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My 2014 in Review

2 Jan

Happy New Year, everybody! I truly hope that 2015 brings you increased peace and good fortune. Thinking back on 2014, I’d say that it was a pretty good year for me. Black folks in who have roots in the Southeastern US are familiar with an old saying: “We ain’t what we wanna be and we and what we gonna be, but thank GOD we ain’t who we was!”

Tyrone 2012

2014 was a year of new beginnings for me. I was able to get a new job after being unemployed for more than a year [Sidebar: I’m a Citizen Lobbyist for the passage of the Healthy Workplace Bill here in New York State for a reason]. 2013 really kicked me in at gut in so many different ways, but the sun did indeed come out again in 2014. I will not ramble on here in the blog post by providing exhaustive details of things that happened, but I will share this quick list of 10 things that I learned:

  1. Friends are few
  2. Allies can morph into enemies
  3. Most people are not evil, but may be arrogant, apathetic, and afraid
  4. Recreating yourself to adapt to change is crucial for survival
  5. If you don’t stand for something, you will fall for anything
  6. When in a fight, you WILL get hit
  7. Published work (e.g., reports, white papers, articles and books) are the new business card
  8. People are watching when you think they are not
  9. It is better to conduct research and ask clarifying questions rather than argue
  10. If you don’t have more than one income source, you are at risk

Again, all the best to you in 2015.

My Thoughts on the Ferguson Verdict and Rioting

26 Nov

I have been watching the news over the last two days and I’m disappointed at what I’m seeing. Personally, the grand jury’s verdict didn’t surprise me. I am not a lawyer, but I was aware of what the Missouri law said about police use of force.

fergriots

Here is a great explanation of why P.O. Darren Wilson was not charged –> CLICK HERE.

Folks are looting and burning businesses down in their own neighborhood. One shouldn’t do these things at all, but doing it in your own neighborhood is economic suicide.

When you burn things down and loot in a given neighborhood, property values go down. Businesses that were looted and burned-out may never return. Now you will have no businesses in your neighborhood and therefore no job opportunities. Because there are no businesses, you have to travel outside of your neighborhood to buy things which of course will not be very convenient.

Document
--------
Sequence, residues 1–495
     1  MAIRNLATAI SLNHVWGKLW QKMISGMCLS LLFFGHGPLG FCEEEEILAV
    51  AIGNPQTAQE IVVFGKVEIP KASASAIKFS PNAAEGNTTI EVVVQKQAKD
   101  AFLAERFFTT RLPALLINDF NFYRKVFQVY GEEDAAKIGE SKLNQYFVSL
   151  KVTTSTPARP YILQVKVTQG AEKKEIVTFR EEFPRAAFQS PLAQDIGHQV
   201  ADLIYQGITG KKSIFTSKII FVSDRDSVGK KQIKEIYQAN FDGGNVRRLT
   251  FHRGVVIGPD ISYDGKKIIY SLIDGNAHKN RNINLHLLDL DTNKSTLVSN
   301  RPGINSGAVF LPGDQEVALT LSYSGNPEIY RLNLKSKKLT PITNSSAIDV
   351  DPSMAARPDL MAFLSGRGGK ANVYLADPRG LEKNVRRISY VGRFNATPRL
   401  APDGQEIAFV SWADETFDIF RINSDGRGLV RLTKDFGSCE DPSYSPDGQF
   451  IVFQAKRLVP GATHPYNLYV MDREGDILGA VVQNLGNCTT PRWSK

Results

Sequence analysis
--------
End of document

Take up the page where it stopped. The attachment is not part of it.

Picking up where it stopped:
Being that property values are down and you have to travel far to get to work and to buy consumer goods, you will sell your home on the cheap and eventually relocate. Your bargain basement priced home will be bought by outside investors who will hold onto the property for a few years and rebuild later. That is how gentrification starts.

Also, the National Guard has set up a perimeter around Ferguson. While I’m not a military strategy and tactics expert, here is what I do know as a retired military policeman trained in civil disturbance and crowd control:

  • During civil unrest, set up a perimeter to lay siege to a town. Nothing gets in or out without consent of command. That includes food and medical supplies.
  • A perimeter surrounds your target and makes sure that unrest doesn’t spill into adjacent areas. Also, when troops are ready to close in, the vise is ready to close.

In my humble opinion, a better thing to do is to start first local then national discussion on the police use of deadly force and use the U.S. Constitution as point of reference. National standards for police use of deadly force MAY infringe on states rights (10th Amendment), and the retention of the status quo for the police use of deadly force in various municipalities MAY violate one’s due process rights (14th Amendment).

Let’s reason together and create a system of justice for all Americans.